Herd of goats in Riverside Park, brought in from NY farms to eat invasive plants and weeds, including poison ivy. West 120th Street, NYC.

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Herd of goats in Riverside Park, brought in from NY farms to eat invasive plants and weeds, including poison ivy. West 120th Street, NYC.

Photo by: David McGlynn

David McGlynn

Invasive Plant Problem? Bring in the Goats

Forget the gardener — you need goats! NYC's Riverside Park opted for a sustainable and eco-friendly way of getting rid of invasive plant species with the help of some furry friends.

July 23, 2021

When humans have a problem, we usually take the necessary steps: we call a guy, who calls another guy, who knows another guy who can come fix it, right? Merely something along those lines...but what if we told you that guy was actually two dozen goats? Cue the trip of goats!

NEW YORK, NEW YORK - MAY 21: Two dozen newly arrived goats roam an area of Manhattanâ  s Riverside Park on on May 21, 2019 in New York City. The goats are part of the Riverside Parkâ  s â  GOaTHAMâ   conservancy initiative and will be used to help clear unwanted and invasive plant life between 119th and 125th streets over the next few months. (Photo by Spencer Platt/Getty Images)

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Two dozen newly arrived goats roam an area of Manhattan's Riverside Park 2019. The goats are part of the Riverside Park's conservancy initiative and will be used to help clear unwanted and invasive plant life between 119th and 125th streets over the next few months.

Photo by: Spencer Platt

Spencer Platt

Two dozen newly arrived goats roam an area of Manhattan's Riverside Park 2019. The goats are part of the Riverside Park's conservancy initiative and will be used to help clear unwanted and invasive plant life between 119th and 125th streets over the next few months.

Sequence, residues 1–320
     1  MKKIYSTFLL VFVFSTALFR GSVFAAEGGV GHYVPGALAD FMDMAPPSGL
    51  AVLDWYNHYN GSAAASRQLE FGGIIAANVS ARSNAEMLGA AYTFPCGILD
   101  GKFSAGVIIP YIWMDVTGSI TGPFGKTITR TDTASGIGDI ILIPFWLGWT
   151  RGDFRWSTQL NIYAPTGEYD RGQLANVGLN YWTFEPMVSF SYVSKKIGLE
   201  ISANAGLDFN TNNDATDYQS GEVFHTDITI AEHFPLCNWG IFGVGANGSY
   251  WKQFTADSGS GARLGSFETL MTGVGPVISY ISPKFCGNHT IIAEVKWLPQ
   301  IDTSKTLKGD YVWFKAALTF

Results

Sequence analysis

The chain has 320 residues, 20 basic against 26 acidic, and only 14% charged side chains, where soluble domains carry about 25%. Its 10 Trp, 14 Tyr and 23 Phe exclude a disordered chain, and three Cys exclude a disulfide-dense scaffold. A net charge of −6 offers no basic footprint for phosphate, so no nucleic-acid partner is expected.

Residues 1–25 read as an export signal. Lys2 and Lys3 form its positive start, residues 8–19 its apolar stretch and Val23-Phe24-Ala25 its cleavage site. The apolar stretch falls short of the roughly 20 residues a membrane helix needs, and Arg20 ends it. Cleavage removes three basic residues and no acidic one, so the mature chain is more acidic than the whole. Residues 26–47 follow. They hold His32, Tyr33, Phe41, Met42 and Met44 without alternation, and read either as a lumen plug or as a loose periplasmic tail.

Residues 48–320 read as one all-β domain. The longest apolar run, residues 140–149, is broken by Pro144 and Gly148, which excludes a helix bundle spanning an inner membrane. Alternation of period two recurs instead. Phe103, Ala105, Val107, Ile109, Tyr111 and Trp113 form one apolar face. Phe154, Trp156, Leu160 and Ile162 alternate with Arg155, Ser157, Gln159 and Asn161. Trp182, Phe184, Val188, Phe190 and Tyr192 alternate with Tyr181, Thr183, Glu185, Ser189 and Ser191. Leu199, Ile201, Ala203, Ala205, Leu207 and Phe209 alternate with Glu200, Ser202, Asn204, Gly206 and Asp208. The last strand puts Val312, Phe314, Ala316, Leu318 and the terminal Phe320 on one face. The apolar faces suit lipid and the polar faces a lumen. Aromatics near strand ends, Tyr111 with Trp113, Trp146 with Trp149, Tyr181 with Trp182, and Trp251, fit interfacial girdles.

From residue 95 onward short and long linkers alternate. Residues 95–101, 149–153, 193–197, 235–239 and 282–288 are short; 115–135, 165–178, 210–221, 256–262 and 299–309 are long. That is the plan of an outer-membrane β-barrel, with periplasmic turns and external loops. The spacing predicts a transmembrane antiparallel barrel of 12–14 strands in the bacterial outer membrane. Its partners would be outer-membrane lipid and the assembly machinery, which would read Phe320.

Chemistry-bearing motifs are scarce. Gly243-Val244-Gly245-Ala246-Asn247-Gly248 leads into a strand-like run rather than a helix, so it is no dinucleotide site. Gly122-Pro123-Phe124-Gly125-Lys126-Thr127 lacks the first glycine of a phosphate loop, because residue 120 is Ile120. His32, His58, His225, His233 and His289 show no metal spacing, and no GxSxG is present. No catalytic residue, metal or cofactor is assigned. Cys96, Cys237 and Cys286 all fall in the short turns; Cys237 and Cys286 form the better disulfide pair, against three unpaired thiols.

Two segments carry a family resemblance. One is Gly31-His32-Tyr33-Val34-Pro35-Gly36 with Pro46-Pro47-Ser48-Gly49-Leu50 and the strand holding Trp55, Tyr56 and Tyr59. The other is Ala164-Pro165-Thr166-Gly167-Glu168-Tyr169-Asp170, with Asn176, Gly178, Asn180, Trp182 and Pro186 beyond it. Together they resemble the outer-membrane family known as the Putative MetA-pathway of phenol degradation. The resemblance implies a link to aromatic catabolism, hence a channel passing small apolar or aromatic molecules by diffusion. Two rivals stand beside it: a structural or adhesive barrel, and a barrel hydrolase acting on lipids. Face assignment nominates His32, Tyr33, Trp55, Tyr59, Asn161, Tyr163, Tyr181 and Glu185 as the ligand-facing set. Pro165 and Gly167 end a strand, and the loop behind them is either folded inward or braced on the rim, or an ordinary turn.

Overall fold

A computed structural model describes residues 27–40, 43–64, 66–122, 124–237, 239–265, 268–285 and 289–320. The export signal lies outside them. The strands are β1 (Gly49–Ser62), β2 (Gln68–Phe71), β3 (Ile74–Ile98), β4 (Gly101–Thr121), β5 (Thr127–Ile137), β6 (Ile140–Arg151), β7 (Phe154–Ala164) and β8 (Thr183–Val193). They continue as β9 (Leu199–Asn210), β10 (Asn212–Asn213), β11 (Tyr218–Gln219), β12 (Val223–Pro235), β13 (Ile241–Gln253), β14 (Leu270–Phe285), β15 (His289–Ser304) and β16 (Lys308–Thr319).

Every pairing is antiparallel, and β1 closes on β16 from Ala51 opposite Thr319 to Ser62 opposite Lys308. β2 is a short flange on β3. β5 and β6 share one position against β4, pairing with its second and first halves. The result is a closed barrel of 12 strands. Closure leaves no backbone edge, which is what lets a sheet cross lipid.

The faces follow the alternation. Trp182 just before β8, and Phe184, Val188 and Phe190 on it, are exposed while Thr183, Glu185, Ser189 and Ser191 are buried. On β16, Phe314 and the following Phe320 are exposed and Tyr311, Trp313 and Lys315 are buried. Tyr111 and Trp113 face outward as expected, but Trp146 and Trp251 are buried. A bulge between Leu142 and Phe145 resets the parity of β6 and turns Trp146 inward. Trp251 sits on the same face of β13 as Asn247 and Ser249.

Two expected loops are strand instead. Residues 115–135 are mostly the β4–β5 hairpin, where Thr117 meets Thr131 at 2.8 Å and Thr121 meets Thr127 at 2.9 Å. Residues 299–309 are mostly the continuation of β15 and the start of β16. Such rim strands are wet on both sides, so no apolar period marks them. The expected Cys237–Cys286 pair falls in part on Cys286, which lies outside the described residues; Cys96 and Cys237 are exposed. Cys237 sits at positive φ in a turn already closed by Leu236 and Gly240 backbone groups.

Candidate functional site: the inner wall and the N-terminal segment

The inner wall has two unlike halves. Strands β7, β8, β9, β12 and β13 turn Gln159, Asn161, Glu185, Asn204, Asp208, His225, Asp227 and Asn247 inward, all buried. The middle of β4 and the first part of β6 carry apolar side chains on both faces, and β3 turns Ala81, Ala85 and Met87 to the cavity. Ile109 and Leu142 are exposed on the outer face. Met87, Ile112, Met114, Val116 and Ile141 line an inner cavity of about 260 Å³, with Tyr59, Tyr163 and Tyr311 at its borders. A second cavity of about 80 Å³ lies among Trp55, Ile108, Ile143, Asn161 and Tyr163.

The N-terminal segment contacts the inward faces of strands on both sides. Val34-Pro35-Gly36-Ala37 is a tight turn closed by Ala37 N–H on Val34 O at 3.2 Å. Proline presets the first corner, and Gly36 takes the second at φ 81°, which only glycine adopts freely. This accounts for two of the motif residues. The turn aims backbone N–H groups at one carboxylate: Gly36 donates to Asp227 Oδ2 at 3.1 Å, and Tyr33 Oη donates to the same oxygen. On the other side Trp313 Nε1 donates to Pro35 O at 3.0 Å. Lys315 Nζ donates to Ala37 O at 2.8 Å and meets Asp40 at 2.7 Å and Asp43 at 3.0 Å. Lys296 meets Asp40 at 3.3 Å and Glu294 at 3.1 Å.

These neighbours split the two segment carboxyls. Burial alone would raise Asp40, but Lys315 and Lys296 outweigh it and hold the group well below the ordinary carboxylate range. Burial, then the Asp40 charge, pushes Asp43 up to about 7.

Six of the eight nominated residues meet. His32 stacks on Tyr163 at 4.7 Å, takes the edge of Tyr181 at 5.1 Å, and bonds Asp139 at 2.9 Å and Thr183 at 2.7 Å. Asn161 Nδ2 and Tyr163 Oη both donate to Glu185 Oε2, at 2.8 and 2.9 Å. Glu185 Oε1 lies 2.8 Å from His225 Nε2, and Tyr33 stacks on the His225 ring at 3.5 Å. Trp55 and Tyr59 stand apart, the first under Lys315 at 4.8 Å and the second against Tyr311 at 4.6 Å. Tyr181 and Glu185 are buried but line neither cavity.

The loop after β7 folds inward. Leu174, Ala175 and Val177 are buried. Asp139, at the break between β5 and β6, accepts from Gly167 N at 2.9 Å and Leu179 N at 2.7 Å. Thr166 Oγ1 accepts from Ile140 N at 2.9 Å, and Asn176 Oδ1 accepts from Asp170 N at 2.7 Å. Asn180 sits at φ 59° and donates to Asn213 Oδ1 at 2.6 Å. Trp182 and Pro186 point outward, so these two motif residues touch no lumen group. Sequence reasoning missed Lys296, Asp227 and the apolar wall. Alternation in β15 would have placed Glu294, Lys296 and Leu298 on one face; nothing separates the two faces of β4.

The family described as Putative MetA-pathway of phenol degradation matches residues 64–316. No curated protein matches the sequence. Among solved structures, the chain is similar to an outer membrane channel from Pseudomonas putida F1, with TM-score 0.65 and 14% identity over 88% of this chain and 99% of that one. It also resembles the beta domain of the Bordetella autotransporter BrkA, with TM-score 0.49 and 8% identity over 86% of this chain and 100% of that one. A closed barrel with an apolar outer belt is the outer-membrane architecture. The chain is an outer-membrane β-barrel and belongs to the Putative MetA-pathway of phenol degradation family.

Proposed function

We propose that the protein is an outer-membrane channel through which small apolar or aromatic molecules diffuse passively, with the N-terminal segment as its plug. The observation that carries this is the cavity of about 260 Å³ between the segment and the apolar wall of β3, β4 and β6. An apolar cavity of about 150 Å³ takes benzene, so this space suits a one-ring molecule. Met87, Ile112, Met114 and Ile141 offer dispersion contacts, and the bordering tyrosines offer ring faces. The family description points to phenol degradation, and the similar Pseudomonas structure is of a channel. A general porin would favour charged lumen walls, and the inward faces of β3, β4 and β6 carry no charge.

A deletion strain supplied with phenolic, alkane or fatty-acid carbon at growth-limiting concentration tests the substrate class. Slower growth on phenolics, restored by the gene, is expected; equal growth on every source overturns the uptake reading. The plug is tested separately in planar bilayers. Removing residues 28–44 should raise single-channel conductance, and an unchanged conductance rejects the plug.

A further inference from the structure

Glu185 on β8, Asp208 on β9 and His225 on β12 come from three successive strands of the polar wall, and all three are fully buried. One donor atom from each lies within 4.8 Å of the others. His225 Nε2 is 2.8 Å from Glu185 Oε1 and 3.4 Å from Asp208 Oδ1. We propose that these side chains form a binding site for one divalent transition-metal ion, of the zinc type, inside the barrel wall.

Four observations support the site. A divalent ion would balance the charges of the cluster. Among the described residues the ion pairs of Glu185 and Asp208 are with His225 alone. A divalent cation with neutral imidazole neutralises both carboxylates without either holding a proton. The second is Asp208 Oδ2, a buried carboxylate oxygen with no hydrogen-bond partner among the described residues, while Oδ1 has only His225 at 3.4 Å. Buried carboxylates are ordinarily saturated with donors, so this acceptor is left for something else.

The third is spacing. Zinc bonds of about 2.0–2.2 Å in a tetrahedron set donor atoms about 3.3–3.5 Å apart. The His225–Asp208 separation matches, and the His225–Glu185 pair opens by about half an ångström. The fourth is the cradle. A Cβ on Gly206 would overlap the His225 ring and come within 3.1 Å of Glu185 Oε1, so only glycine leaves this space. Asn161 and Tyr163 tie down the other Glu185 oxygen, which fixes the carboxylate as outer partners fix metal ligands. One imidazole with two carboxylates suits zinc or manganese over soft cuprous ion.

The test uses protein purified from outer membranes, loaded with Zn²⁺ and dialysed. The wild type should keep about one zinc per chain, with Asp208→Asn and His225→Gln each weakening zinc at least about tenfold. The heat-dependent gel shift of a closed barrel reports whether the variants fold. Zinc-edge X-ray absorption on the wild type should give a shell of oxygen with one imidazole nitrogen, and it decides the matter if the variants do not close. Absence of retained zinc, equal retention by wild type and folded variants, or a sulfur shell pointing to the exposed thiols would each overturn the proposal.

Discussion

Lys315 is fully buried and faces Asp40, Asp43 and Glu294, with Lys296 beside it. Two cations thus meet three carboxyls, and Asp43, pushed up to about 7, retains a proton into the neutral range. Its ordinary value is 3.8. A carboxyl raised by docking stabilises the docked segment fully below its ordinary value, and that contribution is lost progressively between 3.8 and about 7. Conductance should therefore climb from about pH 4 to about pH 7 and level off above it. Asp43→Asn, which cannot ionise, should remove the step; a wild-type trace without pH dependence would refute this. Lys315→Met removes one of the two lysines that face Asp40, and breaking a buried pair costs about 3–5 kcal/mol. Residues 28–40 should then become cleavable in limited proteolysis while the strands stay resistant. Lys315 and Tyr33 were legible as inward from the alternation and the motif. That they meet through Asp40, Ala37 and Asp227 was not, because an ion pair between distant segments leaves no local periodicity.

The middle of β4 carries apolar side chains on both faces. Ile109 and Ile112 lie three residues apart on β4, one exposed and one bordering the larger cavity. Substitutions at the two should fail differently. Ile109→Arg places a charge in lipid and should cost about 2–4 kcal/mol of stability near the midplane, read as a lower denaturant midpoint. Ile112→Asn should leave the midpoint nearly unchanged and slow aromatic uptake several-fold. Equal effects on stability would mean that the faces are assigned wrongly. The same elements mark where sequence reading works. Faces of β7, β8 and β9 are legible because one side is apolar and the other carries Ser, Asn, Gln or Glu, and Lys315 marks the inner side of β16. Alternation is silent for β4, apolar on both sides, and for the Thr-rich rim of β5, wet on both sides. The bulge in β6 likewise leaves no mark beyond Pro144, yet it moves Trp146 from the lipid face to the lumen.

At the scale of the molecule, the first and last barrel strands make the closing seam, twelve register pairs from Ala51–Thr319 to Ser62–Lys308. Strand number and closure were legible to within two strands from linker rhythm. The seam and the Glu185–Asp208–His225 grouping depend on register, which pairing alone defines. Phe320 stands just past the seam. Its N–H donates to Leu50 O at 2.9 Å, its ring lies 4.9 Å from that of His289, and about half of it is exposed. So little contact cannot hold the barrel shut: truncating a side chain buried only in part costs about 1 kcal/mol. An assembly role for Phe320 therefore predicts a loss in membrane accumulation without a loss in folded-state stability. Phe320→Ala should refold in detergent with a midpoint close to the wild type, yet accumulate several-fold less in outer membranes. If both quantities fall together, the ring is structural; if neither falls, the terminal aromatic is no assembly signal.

On July 14, two dozen goats were shepherded through Riverside Park to alleviate invasive plant species that human restorers couldn’t seem to tame. It’s been an underlying issue the Riverside Park Conservancy has been dealing with for a few years, with no means to a solution, The Washington Post explains. Poison ivy, porcelain berry, English ivy, to name a few, were some of the plant species that were wreaking havoc on the park. The Conservancy then thought of a more sustainable solution--naturally effective weed whackers.

“Running of the Goats” was an opportunity to mix fun and efficiency with an all-you-can-eat buffet. A crowd was present to cheer, motivate, and help direct the goats as they munched, snacked, inhaled, and yodeled within the overflowing terrain. According to the conservancy’s website, the goats have “retired from former careers,” and we’re previously employed in 2019 to aid in the landscaping of the park, but were unable to last year due to the covid-19 pandemic.

A white and brown goat with bright eyes looking inquisitively directly at the camera.

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A white and brown goat with bright eyes looking inquisitively directly at the camera.

Photo by: Alex Walker

Alex Walker

5 of the 24 in the trip will remain here to stay for the rest of the summer to manage the plants’ growth. The northern region of the park, notably known where the invasive plants were located, has now been named “Goatham,” in honor of the hard working goats who now munch to maintain it. Riverside Park Conservancy President and CEO Dan Garodnick spoke at a news conference explaining, “[i]t’s healthy for the goats and it’s good for the environment. That’s farm to table.” It also seemed to bring quite an array of happiness to the park visitors and those within the vicinity of the event.

As of now, Skittles, Buckles, Chalupa, Mallomar and Ms. BoPeep are all happily busy at the buffet, continuing to manage the park for all to enjoy.

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